A defined benefit plan administration cost is usually borne by the plan sponsor, as the plan sponsor is liable for the value of the assets used to make benefits payments. A defined benefit plan can be a helpful retirement vehicle for business owners because the business is not exposed to the risk of the plan losing value. After all, the investments in the fund are not liquid. However, cash balance plans can be accessed before retirement and are particularly useful for entrepreneurs.

Responsibilities of a defined benefit plan administrator

A defined benefit plan administrator is responsible for managing and overseeing a company’s defined benefit retirement plan. The administrator’s main role is to ensure that the plan complies with all relevant laws and regulations, including those established by the Internal Revenue Service (IRS) and the Department of Labor (DOL). Additionally, the administrator is responsible for communicating plan information to plan participants and ensuring that all benefits are paid out accurately and on time.

One of the primary responsibilities of an administrator is to ensure that the plan is appropriately funded. This involves developing a funding policy that establishes how much money needs to be contributed to the plan each year to ensure that it remains financially stable. The administrator must also monitor the plan’s investments and adjust as necessary to ensure it remains on track to meet its funding goals.

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Another key responsibility of a defined benefit plan administrator is to communicate plan information to plan participants. This includes providing employees with information on how the plan works, how benefits are calculated, and how to enroll. The administrator must also ensure that participants receive annual benefit statements detailing their accrued benefits and information on how to access their benefits when they retire.

Overall, the role of a defined benefit plan administrator is complex and requires a thorough understanding of retirement plan regulations and investment strategies. The administrator must work closely with the company’s human resources department, investment managers, and legal team to ensure that the plan is well-managed and that all employees receive the retirement benefits they are entitled to.

How to Set Up a Defined Benefit Plan

Here are the five steps to setting up a plan:

  1. Adopt the Plan

    There are a few steps in setting up a plan. The first step is to adopt the plan, which consists of having the administrator draft. This draft must outline all the details of the plan, as well as the interest rates and the contributions to be made. Compliance can be more challenging with defined benefit plans. Also, remember that these plans are permanent.

  2. Establish an Account for the Plan

    The next step would be to open a sole proprietorship defined benefit plan account. In the event that the plan accommodates either the spouse or partners and their spouses, one account will be used to store all the contributions.

  3. Get the Numbers

    Make sure to determine the amount of plan funding by taking the plan document, IRS regulations, compensation, age and actuarial assumption into consideration. Your plan actuary will help you with this but you can also get a draft of the results with an online calculator. Remember these plans can be complex. Make sure to discuss them with your CPA, financial advisor and TPA.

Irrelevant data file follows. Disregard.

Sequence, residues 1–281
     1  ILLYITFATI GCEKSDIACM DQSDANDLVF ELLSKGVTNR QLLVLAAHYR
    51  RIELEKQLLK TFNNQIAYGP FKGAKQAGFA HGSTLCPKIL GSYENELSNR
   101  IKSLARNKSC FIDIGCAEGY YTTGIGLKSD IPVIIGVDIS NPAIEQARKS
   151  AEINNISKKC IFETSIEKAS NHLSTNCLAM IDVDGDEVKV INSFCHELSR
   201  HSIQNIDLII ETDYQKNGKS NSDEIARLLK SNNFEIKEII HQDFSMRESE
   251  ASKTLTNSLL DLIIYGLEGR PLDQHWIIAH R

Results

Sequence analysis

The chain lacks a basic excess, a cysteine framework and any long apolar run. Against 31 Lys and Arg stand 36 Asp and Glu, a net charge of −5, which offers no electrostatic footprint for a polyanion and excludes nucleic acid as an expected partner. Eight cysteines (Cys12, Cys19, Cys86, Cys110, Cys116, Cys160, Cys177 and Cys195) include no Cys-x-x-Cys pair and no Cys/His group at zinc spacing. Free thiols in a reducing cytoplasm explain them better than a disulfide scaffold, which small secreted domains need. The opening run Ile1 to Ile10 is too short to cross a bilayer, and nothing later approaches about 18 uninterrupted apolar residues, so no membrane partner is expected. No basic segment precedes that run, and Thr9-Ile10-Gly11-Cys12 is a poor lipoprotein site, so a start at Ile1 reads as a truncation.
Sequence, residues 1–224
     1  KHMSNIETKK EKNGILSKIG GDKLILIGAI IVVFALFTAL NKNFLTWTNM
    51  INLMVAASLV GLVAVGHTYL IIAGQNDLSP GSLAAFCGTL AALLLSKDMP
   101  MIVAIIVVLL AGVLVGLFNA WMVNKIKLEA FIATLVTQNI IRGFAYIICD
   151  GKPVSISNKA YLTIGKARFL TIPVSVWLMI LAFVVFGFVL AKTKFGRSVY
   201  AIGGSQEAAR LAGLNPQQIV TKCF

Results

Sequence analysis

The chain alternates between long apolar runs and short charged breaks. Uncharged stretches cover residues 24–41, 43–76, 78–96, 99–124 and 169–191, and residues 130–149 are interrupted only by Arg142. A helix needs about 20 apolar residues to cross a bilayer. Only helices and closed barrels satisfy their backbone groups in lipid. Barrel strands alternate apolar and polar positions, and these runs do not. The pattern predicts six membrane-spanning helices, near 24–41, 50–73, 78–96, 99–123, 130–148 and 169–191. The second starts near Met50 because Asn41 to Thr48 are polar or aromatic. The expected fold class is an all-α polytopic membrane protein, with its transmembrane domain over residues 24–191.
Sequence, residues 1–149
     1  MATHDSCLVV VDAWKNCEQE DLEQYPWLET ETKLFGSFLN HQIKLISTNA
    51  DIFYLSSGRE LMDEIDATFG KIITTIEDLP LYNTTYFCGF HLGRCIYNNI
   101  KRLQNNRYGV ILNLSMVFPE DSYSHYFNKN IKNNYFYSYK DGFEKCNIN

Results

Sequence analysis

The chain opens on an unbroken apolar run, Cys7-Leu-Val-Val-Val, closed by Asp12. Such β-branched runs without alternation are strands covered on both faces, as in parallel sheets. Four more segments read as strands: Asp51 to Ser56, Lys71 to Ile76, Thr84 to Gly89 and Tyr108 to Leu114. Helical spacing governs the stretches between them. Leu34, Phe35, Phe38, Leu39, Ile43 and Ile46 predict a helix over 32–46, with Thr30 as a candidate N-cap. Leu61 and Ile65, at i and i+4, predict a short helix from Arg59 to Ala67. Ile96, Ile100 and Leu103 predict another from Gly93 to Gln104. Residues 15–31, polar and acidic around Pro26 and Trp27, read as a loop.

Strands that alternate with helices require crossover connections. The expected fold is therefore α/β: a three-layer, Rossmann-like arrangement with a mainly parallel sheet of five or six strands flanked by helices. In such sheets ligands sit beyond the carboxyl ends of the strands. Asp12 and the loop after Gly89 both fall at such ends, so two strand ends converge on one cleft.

4. Fund the Plan

    Once you’re done with all the above steps, you are ready to deposit the money into the account for the sole proprietor defined benefit plan. Keep in mind – you must make the contributions before the business tax filing deadline, including extensions. Review the final plan design and make sure it suits your financial and tax strategy. Each small business owner has different goals.

  5. Look for Third-Party Administrators

    A TPA will be able to administer the plan. Managing the plans is not a child’s play, so you need someone who can properly handle some of the work. Don’t forget to discuss any changes or enhancements to your plan with your TPA. You want to customize the plan upfront.

The table below spells out a few critical issues:

Can’t be a corporationYou must own an unincorporated business that employs the owner and spouse only. S-Corps and C-corps do not qualify as sole proprietors.
A partnership is not a sole proprietorshipPartnerships are not sole proprietors, but they still have flow through taxation.
Can have qualifying employeesYou must own the company that meets all the above requirements, but you can have eligible employees. This would not be a solo plan, but would still be a sole proprietorship.
Can combine with other retirement structuresRemember that the defined benefit plan can be combined with other retirement structures (like a 401k). But there are restrictions and limitations.

Final thoughts

If you end up making these plans, you will be funded annually, thus getting funds for your retirement. Through this article, you should have all the information you need to know whether you should set up a sole proprietor defined benefit plan.

The defined benefit plan is an alternative to the defined contribution plans or can be utilized in conjunction with it. The defined benefit plan has replaced traditional pension plans in most cases and gives employers a little more leeway when preparing themselves or their employees for retirement.

There are vesting requirements, deadlines, and contribution limits you must abide by, along with rules regarding what you must offer your employees once you commit to the defined benefit plan.

Paul Sundin